Dust Devils on Titan
Brian Jackson, Ralph D. Lorenz, Jason W. Barnes, and Michelle Szurgot
Summarized by Lisette Melendez
What data were used? In 2019, NASA announced a brand-new mission: Dragonfly. The objective? To visit Titan, the largest moon of Saturn and the only place in our universe (besides Earth) where distinct evidence of surface liquid has been discovered. Titan’s environment is very similar to that of very early Earth, with a nitrogen-rich atmosphere and volcanic activity. By studying Titan’s chemistry, scientists can discover more about the origin of life itself. It’s a very exciting mission, but it’s important for scientists to prepare for all the different obstacles the rotorcraft will encounter on Titan’s surface, including hazardous weather phenomena like dust devils.
We’ve learned more about weather patterns on Titan through NASA’s Cassini spacecraft, which orbited Saturn from 2004 to 2017. This study focuses on how dust storms are identified on other celestial bodies and what implications they hold for the Dragonfly mission. Cassini identified three regional dust storms within the equator near the “Shangri-La” dune fields that were chosen as Dragonfly’s landing spot. The study of these dust storms in Titan’s unique environment (with clouds and rain of methane!) can help us learn more about how they operate and life dust in the first place. This study also draws from observations by the Huygens probe for information on Titan’s temperatures and atmosphere.
Methods: In order to determine the weather conditions necessary for a dust storm on Titan, scientists need data on various atmospheric circumstances, such as temperature, elevation, and pressure. By analyzing the images and observations collected by Cassini and Huygens and combining these findings with data collected by observing dust devils here on Earth, scientists were able to model the surface conditions that were suitable for dust devil formation as well as the size of these storms. The study focused on dust devils on the equator because that’s where we have the most data available about Titan’s weather conditions.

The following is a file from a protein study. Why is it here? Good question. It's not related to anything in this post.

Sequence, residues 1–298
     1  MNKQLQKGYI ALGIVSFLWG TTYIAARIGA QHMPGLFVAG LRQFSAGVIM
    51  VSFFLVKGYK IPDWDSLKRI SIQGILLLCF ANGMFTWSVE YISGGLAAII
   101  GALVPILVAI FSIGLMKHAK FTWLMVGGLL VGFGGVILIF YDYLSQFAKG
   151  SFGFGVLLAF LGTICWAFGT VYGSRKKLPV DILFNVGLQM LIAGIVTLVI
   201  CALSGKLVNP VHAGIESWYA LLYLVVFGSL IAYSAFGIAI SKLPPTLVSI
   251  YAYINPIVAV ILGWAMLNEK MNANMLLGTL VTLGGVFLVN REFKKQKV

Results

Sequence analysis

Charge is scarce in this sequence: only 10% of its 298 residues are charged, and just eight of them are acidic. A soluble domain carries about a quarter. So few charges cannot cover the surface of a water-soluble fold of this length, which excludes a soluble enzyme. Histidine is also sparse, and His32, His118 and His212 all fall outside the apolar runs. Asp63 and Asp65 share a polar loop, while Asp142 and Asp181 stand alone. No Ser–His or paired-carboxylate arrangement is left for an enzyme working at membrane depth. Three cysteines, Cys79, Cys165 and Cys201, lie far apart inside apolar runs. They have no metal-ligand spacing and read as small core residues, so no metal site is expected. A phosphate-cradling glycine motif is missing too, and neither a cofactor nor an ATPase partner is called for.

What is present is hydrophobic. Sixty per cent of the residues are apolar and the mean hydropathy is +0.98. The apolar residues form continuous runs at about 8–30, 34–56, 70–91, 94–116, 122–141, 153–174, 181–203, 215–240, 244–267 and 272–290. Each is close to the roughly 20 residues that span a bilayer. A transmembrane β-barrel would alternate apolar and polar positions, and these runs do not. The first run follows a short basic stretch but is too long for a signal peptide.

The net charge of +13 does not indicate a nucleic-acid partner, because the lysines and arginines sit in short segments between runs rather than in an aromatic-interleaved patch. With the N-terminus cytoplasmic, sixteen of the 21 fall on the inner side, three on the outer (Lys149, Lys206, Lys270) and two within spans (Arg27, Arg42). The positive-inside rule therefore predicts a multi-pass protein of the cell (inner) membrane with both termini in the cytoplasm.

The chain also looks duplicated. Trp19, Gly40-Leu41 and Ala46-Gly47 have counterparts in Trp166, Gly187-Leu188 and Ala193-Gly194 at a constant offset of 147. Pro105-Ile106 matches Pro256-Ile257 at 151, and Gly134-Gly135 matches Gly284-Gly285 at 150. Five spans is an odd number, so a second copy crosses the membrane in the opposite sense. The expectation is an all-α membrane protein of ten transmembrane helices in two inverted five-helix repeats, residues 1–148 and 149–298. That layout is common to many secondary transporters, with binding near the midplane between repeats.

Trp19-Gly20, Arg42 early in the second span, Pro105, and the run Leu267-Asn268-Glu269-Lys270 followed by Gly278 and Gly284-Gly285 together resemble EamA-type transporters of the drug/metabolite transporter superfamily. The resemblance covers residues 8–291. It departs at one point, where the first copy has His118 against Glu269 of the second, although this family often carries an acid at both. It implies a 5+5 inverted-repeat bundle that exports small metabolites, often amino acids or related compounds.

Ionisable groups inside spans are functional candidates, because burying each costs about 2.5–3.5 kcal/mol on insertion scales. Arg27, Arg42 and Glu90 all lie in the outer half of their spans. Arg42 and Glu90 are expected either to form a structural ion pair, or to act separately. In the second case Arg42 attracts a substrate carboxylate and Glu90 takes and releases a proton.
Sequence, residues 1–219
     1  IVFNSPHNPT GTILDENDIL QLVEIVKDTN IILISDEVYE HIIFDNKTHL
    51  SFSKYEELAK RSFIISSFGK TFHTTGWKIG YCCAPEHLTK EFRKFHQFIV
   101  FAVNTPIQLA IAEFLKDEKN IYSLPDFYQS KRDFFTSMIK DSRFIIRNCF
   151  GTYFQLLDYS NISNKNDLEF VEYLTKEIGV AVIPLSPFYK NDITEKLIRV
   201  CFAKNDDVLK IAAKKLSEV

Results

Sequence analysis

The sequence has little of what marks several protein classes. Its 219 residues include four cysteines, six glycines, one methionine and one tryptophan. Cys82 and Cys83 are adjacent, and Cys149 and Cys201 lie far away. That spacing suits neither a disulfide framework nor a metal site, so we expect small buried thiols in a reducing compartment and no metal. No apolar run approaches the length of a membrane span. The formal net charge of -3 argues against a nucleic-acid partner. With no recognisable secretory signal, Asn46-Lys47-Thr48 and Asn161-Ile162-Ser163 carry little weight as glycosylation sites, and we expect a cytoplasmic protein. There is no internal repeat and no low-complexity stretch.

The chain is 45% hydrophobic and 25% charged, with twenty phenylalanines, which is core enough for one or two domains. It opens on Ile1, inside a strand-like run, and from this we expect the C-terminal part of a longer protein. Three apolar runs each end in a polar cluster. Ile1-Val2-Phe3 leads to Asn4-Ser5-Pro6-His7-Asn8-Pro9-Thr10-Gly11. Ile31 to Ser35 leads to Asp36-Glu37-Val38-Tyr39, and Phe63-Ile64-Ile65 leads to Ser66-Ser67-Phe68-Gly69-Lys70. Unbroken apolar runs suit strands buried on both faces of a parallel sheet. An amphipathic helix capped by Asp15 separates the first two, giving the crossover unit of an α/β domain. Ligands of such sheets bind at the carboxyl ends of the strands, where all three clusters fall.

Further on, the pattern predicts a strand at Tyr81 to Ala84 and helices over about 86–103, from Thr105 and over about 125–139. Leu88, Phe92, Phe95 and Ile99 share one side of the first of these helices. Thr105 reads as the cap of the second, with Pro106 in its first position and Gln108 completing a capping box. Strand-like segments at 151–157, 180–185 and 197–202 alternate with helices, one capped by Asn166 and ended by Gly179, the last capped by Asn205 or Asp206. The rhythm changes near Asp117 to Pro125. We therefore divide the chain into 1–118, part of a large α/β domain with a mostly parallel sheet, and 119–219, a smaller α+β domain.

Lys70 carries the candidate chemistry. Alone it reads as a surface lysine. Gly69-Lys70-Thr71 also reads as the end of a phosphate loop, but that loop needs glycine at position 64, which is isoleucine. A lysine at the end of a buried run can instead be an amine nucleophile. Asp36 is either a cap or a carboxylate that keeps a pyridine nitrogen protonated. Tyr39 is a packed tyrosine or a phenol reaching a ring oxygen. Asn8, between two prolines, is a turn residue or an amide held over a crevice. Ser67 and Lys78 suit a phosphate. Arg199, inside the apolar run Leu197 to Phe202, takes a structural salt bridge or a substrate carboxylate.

Results: Many of the atmosphere conditions identified on Titan are favorable for the formation of dust devils. On Earth, dust devils are generally hindered by the presence of liquid because the increased particle cohesion (i.e., how sticky the particles are to one another) prevents wind from being able to lift the dust particles. Observations show that the equator of Titan is very arid and dry, with methane downpours only occurring in areas once every 10 Earth years. By looking at surface humidity levels measured by Huygens, it shows that the surface is too dry for even cloud formation. The abundance of dunes and dust storms provides further evidence that Titan has the ideal environment for dust devils.
However, there are some surface conditions on Titan that may reduce the occurrence of dust devils, including the possibility of insufficient wind speeds. Additional work is required to model typical speeds on Titan’s surface.
Why is this study important? This study is important because it helps predict the occurrence of dust devils on Titan when Dragonfly is scheduled to arrive in 2034. This study outlines what remains unknown about the formation of dust devils and how Dragonfly presents the opportunity to study wind-related phenomena in a novel environment.
The big picture: After analyzing the environment on the surface of Titan based on the data currently available, it is concluded that the dust devils will most likely not pose a threat to the Dragonfly rovercraft (since they are too slow in the given conditions). Nevertheless, the mission can provide crucial insight to the creation of dust devils and how frequently they occur on other celestial bodies. Dragonfly provides us the opportunity to learn so much more about extraterrestrial worlds, and we’re all very excited for its departure!
Citation: Jackson, B., Lorenz, R. D., Barnes, J.W., & Szurgot, M. (2020). Dust devils on Titan. Journal of Geophysical Research: Planets, 125, e2019JE006238. https://doi.org/10.1029/2019JE006238